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RAMSEUR, N.C. — The Randolph County School Board voted Monday night to pull Ralph Ellison’s “Invisible Man” from its library shelves after a parent complained, The Asheboro Courier-Tribune reports.

In a  5-2 vote, the Randolph County Board voted during its regular meeting to remove all copies of the book from school libraries.

Both school and district committees recommended that the book remain in schools, however, a motion to the book on the shelves was defeated.

According to the paper, the school board members presented the issue on Monday in response to a 12-page complaint from the mother of a Randleman High School junior who said in part, “The narrator writes in the first person, emphasizing his individual experiences and his feelings about the events portrayed in his life. This novel is not so innocent; instead, this book is filthier, too much for teenagers. You must respect all religions…

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The Secular Jurist

If anyone doubts the complicity between the mainstream media and the titans of finance, one simply needed to watch Meet The Press with David Gregory yesterday [9/15/2013].  The seven plus minute segment started with David Gregory stating the obvious: An economy five years ago that was on the brink of collapse is now a high flying economy for the 1 percent and on the brink of collapse for the working middle class.

His guests were then-Secretary of Treasury and past CEO of Goldman Sachs Henry Paulson, CNBC mouthpiece and apologist Maria Bartiromo, and ex-Congressman Barney Frank. Most of the segment was the standard blabber of nonsensical statements on the economy.

* * * * *

The zinger of the segment however came from Barney Frank’s comment about the bankers. He said:

I do want to add one thing though to your question about those poor beleaguered bankers who have been…

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Ideas

At the age of 19, when I was a college freshman, motivated by the promise of some quick cash and adventure, I embarked on a Hunter S. Thompson–esque road trip. I got in my rusted-out Impala and drove from Berkeley to San Diego with a few kilos of marijuana in the trunk. It was an uneventful drive south. I delivered the weed to a friend of a friend, slept on his couch and headed home.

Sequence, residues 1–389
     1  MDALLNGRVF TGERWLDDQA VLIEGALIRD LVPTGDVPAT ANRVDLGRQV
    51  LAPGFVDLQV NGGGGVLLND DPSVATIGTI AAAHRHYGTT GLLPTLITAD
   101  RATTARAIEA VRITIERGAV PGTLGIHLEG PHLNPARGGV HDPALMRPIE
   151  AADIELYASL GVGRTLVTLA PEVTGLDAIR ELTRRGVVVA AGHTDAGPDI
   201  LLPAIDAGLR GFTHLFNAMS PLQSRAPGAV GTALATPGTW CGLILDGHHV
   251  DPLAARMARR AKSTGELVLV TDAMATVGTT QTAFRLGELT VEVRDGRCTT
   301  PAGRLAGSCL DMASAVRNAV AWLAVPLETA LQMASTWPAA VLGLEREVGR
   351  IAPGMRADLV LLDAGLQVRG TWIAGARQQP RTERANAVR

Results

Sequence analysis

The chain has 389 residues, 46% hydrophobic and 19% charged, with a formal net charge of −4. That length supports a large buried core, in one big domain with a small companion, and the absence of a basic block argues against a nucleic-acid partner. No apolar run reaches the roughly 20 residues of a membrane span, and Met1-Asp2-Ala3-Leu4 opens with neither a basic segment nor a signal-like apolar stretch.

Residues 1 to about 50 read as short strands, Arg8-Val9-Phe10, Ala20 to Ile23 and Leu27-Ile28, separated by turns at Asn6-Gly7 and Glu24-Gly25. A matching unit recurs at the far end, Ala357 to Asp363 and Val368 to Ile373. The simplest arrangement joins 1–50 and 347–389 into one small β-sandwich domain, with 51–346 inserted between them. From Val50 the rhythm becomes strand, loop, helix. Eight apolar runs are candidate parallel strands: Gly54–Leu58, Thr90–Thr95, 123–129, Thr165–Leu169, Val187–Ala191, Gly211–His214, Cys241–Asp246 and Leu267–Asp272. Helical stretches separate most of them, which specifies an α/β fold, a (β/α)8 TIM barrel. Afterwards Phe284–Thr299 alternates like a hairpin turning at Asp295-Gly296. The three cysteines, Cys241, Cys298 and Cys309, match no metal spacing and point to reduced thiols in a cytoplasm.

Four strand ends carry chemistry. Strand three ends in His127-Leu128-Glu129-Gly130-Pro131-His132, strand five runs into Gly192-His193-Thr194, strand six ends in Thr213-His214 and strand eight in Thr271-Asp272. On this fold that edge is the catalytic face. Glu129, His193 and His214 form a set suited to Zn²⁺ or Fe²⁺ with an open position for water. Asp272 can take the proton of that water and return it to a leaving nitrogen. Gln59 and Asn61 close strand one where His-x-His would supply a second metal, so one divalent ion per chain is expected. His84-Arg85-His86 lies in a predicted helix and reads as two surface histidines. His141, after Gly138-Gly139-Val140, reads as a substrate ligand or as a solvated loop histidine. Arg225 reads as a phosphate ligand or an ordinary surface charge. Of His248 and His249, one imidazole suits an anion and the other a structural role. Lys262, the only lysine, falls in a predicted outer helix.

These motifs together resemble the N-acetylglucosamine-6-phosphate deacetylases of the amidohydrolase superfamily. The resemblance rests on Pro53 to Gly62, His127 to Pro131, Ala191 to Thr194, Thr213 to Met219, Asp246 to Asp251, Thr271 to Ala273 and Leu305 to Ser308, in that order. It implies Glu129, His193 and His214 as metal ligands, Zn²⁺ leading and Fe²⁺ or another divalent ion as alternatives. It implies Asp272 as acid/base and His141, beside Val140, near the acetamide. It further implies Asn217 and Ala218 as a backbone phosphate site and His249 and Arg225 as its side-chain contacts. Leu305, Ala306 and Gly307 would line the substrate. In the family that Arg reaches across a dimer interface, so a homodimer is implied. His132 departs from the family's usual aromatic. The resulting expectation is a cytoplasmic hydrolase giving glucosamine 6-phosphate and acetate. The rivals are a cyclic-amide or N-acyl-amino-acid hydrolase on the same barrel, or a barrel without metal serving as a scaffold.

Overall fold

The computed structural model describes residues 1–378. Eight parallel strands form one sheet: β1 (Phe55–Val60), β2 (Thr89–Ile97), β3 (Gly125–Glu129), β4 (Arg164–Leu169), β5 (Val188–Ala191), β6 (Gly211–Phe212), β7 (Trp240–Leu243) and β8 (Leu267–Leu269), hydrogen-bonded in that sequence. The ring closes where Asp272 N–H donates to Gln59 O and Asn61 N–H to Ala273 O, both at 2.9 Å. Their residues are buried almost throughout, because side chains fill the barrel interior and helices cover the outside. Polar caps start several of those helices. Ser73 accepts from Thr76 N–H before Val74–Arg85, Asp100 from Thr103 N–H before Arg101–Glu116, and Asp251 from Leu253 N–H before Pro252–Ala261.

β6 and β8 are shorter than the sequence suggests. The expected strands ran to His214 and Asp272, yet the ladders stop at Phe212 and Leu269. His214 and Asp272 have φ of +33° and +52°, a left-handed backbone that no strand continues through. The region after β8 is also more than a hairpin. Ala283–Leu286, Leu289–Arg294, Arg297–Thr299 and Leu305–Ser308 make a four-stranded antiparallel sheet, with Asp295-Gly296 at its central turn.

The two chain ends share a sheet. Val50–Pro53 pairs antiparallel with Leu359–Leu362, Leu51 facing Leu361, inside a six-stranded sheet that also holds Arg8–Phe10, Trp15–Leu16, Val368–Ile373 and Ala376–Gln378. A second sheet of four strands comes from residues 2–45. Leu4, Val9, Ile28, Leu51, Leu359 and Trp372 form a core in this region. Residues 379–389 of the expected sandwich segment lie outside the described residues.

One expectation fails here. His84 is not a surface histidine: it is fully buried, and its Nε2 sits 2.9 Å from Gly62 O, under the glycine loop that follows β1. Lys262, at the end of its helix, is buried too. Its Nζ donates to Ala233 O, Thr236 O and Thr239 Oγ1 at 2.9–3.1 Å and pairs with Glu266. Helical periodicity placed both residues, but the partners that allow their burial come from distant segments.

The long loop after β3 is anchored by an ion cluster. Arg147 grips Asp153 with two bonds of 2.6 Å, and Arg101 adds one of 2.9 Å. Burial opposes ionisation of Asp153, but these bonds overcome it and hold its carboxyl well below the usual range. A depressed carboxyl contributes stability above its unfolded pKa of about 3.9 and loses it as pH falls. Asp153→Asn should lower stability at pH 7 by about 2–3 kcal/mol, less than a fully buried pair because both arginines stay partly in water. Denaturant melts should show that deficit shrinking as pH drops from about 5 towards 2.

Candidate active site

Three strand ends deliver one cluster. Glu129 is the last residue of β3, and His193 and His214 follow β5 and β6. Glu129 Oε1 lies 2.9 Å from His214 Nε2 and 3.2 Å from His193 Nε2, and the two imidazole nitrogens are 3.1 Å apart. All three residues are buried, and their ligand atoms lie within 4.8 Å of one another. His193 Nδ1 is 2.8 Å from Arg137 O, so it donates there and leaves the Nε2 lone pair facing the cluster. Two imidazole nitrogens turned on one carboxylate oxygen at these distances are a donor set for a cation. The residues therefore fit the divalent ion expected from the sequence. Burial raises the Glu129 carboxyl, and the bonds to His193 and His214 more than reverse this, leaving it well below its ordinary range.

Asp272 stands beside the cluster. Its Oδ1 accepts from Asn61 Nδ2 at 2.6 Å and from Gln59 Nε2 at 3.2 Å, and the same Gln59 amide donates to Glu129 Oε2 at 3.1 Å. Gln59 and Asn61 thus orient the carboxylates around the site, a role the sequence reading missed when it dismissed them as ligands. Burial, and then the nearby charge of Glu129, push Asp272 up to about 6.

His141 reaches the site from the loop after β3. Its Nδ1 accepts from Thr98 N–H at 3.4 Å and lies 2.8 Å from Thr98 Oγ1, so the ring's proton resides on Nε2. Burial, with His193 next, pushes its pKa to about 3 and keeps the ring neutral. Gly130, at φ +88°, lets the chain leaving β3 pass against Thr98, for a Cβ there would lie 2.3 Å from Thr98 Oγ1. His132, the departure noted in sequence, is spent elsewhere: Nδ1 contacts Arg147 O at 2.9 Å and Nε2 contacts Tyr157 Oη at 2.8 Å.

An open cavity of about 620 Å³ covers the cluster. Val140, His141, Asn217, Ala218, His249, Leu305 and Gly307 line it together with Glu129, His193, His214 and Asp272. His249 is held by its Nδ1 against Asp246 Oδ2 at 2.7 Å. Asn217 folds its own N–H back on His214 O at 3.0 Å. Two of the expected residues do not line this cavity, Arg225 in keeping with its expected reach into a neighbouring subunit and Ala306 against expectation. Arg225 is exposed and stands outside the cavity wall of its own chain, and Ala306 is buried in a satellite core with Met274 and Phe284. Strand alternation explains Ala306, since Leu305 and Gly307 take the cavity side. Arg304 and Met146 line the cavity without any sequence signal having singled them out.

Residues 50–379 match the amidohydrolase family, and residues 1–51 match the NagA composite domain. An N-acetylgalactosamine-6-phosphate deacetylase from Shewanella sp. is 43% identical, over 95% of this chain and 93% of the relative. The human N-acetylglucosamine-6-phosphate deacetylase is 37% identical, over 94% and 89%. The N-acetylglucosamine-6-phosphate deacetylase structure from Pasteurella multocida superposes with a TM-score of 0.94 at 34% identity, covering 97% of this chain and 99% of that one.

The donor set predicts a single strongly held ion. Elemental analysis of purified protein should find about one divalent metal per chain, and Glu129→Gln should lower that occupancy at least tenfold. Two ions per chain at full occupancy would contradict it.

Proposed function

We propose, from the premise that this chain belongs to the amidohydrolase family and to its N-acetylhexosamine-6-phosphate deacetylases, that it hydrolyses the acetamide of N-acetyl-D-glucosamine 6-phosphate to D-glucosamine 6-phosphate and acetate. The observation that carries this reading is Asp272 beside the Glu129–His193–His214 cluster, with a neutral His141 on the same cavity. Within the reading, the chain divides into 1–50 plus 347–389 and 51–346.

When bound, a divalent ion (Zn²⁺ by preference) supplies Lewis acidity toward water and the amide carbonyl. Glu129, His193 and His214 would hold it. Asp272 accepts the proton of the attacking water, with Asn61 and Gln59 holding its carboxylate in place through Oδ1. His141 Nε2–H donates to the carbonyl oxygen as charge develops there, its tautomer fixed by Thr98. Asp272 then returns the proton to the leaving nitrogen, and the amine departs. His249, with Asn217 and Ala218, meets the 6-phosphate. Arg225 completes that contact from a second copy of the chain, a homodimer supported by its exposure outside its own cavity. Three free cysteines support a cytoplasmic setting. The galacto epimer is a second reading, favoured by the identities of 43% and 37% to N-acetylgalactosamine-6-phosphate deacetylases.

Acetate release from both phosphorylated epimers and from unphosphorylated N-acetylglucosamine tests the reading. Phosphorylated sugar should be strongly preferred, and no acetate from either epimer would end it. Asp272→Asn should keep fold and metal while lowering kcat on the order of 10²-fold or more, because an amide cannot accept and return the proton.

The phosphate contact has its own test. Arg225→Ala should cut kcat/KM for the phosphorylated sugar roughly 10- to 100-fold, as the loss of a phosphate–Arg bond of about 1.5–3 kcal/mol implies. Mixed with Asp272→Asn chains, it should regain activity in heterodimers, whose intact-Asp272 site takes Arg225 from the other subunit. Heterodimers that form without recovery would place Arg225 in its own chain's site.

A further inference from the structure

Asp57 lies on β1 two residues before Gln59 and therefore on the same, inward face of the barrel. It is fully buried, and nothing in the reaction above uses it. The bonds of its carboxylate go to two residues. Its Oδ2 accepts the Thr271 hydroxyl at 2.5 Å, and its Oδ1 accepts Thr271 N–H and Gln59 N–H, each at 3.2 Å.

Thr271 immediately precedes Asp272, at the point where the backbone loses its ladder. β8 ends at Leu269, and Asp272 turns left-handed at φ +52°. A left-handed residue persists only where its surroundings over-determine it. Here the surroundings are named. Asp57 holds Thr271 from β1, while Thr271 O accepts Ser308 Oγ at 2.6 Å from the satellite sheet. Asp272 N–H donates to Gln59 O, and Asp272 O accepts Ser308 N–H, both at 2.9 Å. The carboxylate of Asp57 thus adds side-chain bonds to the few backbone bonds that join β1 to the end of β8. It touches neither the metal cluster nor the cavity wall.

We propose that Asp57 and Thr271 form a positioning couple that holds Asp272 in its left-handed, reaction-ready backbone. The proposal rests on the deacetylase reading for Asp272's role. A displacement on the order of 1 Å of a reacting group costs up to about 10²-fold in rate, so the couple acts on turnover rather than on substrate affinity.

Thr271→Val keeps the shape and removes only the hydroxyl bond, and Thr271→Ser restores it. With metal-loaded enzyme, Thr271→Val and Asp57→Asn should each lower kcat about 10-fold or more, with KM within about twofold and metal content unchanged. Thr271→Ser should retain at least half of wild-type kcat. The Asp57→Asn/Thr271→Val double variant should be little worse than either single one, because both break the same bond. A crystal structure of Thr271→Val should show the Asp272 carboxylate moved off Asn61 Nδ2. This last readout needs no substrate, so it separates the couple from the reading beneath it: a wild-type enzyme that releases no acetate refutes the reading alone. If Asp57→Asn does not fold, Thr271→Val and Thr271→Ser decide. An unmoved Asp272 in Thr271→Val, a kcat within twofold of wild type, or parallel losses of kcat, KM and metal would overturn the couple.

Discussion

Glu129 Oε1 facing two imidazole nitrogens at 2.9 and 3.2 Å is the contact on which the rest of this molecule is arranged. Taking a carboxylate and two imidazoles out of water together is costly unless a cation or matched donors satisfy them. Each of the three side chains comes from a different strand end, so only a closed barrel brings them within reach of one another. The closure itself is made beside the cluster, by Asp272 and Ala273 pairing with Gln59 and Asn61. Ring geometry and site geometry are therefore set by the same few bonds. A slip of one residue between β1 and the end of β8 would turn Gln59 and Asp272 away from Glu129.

On the way home, however, I was stopped by a highway-patrol officer outside the city of Salinas. The officer called for backup and more police arrived. They thoroughly searched the car, even looking under the spare tire and unscrewing a flashlight. They found nothing, because there was nothing to be found. I look back with abject horror at how much my life since then would have been different if I’d been stopped on my way…

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Measuring American Legislatures

America’s state legislatures are polarized–just like Congress–between liberals and conservatives, Democrats and Republicans. That polarization creates gridlock, when it’s difficult to get legislation passed and policy problems addressed.

But just how polarized are they? We haven’t been able to tell in the past, because we haven’t been able to determine just how liberal or conservative state legislators are in all 50 states. One major reason why is that each state in its own way is rather unique. Massachusetts Republicans aren’t the same as Texas Republicans; the same is true for each state’s Democrats. Nor do they vote on the same things. These immutable differences mean that measuring  ideology–and levels of polarization–in state legislatures is much more difficult than that for Congress.

Nolan McCarty (Princeton University) and I wrote an academic paper in 2011 that explained our method for overcoming this problem. We have been working diligently since then to update our data…

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A good overview of the various issues involved in the religion bullet NC residents unwittingly dodged. Still, too close.

Ideas

North Carolina legislators made national headlines last week with a bit of high-profile religious extremism. They introduced a resolution declaring that the state has the right to declare an official religion – presumably Christianity. The bill also contended that states are “sovereign” and that federal courts cannot prevent states “from making laws respecting the establishment of religion.”